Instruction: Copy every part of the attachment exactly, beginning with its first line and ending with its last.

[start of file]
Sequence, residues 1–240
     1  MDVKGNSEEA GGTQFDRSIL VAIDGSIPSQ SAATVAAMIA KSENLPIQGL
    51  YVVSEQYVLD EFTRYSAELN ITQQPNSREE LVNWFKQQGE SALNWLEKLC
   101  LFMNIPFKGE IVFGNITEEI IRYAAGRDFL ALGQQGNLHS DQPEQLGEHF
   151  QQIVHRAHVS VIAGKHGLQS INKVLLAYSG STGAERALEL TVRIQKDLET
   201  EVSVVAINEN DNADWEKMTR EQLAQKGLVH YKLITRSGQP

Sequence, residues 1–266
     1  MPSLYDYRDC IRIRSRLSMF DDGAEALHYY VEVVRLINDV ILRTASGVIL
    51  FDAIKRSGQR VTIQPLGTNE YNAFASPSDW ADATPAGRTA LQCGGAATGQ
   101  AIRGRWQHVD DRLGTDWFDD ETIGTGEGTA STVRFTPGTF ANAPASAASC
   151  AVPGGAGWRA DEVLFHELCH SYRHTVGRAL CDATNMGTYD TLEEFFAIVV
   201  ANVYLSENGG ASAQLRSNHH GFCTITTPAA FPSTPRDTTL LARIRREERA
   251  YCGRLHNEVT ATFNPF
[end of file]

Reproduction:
Sequence, residues 1–240
     1  MDVKGNSEEA GGTQFDRSIL VAIDGSIPSQ SAATVAAMIA KSENLPIQGL
    51  YVVSEQYVLD EFTRYSAELN ITQQPNSREE LVNWFKQQGE SALNWLEKLC
   101  LFMNIPFKGE IVFGNITEEI IRYAAGRDFL ALGQQGNLHS DQPEQLGEHF
   151  QQIVHRAHVS VIAGKHGLQS INKVLLAYSG STGAERALEL TVRIQKDLET
   201  EVSVVAINEN DNADWEKMTR EQLAQKGLVH YKLITRSGQP

Sequence, residues 1–266
     1  MPSLYDYRDC IRIRSRLSMF DDGAEALHYY VEVVRLINDV ILRTASGVIL
    51  FDAIKRSGQR VTIQPLGTNE YNAFASPSDW ADATPAGRTA LQCGGAATGQ
   101  AIRGRWQHVD DRLGTDWFDD ETIGTGEGTA STVRFTPGTF ANAPASAASC
   151  AVPGGAGWRA DEVLFHELCH SYRHTVGRAL CDATNMGTYD TLEEFFAIVV
   201  ANVYLSENGG ASAQLRSNHH GFCTITTPAA FPSTPRDTTL LARIRREERA
   251  YCGRLHNEVT ATFNPF